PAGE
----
EPA targets ArmcoThe Associated Press
CINCINNATI — The U.S. Environmental Protection Agency on Thursday
proposed the addition of the former Armco plant near New Miami and a
Kings Mills site in Warren County to the national Superfund list of
hazardous waste locations that have priority for cleanup.
The EPA said chemical contamination from the sites threatens
underground drinking water supplies and nearby rivers.
The proposed additions of the former Armco Inc. plant in New
Miami, near Hamilton, and the former Peters Cartridge plant in Kings
Mills were published Wednesday in the Federal Register. That
triggers a 60-day comment period, after which the sites can be
placed on the list.
If that is done, the agency will complete studies of the
contamination and choose cleanup options before starting a cleanup.
The Superfund program was established in 1980 and gives the EPA
authority to identify polluters of the sites and ask them to pay
cleanup costs. The cleanups initially are paid for from the
Superfund, which is funded by industries and taxpayers.
The 120-acre Armco site produced coke and iron from 1937 until
1991. EPA officials said it is contaminated with metals,
hydrocarbons and polychlorinated biphenyls (PCBs).
A waste landfill on the site was not lined or equipped with a
system to collect seeping water, polluted sludge and slag was dumped
on the property, and contaminated sediments were in a stream that
runs into the Great Miami River.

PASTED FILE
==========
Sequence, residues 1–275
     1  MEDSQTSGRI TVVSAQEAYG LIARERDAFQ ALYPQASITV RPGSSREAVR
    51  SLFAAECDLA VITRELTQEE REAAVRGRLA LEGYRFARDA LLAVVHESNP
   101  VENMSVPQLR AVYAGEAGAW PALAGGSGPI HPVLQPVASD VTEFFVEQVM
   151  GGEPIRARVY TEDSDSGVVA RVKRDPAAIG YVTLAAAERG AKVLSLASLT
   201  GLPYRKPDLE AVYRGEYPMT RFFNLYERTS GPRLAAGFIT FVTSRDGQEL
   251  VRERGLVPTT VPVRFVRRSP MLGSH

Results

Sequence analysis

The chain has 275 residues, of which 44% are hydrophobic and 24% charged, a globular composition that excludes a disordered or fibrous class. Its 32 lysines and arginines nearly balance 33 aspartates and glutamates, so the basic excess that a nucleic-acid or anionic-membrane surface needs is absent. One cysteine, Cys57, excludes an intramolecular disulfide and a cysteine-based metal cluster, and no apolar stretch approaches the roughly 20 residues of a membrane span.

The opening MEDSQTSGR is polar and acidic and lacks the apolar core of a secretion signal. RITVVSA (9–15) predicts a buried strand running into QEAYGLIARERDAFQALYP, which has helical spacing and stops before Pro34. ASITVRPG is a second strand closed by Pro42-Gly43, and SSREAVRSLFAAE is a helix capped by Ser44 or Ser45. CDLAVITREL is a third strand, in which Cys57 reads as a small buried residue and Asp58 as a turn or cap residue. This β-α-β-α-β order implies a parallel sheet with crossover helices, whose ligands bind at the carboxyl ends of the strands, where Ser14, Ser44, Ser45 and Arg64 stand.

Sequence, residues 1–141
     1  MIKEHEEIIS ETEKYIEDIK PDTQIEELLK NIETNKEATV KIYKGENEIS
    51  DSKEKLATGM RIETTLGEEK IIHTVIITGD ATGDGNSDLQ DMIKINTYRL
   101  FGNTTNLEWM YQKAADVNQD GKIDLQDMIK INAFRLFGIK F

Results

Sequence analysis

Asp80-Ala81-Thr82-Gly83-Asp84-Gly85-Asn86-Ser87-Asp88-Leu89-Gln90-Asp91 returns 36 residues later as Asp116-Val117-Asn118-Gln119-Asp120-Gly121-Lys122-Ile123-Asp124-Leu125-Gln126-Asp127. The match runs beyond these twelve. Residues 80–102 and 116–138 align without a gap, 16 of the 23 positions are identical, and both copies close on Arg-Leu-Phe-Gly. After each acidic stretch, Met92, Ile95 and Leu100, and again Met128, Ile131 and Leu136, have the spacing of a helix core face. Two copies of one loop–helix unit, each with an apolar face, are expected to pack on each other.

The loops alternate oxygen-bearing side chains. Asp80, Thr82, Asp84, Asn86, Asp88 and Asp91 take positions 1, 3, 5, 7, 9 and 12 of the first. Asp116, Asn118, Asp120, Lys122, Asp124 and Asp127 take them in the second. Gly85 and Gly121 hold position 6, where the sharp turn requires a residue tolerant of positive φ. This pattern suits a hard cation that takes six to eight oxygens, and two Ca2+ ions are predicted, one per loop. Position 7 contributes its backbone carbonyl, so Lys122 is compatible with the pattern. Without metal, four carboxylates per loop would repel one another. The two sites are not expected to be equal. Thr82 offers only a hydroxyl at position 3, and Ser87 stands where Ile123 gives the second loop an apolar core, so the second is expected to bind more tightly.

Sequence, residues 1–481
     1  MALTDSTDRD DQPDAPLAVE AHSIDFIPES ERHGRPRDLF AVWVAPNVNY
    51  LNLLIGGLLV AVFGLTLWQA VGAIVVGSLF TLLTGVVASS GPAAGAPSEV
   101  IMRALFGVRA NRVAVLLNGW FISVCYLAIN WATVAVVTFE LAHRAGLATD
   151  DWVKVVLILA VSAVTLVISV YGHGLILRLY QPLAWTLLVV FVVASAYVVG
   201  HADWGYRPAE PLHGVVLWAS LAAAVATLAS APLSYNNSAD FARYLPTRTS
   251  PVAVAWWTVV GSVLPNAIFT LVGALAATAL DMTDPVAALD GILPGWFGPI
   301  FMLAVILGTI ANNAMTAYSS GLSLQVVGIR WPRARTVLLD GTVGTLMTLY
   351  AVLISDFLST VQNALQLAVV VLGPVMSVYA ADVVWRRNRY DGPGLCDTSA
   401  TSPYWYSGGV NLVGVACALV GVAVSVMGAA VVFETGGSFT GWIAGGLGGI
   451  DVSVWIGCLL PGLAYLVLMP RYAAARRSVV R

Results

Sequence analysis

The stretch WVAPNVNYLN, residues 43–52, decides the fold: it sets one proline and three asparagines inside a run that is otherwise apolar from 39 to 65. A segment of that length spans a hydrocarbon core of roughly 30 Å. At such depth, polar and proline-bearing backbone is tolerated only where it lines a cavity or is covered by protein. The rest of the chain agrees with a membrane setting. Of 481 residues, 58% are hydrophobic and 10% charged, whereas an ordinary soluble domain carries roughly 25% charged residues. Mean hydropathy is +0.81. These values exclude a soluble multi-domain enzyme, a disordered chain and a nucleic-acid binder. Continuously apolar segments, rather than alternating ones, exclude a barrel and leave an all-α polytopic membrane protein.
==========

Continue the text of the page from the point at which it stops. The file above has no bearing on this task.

AK Steel Corp. took ownership of the property in 1994. As part of
an agreement with the EPA, it has been conducting an environmental
AK Steel Vice President of Public Affairs Alan McCoy offered no
comment when contacted Thursday by The Journal because he was
unaware of the EPA’s proposal.
The 10-acre Peters plant was an ammunition factory from the World
War I era until 1944. It made munitions for the military and rifle
and shotgun shells for consumers. From 1944 until the 1990s, the
site was used for production of vinyl phonograph records, for a
distillery warehouse and for making of eyeglass lenses and frames.
The soil around the plant is contaminated with lead, zinc and
other substances. In 1993, the site was paved to prevent direct
contact with lead-contaminated soil. State authorities later cleaned
up a Freon concentration there.
EPA officials said they are negotiating with parties who may be
responsible for the pollution, including DuPont and the Army and
Navy. Landmark Renaissance Associates now owns the property.
The pollution there is threatening an adjacent state nature
conservatory and the Little Miami River.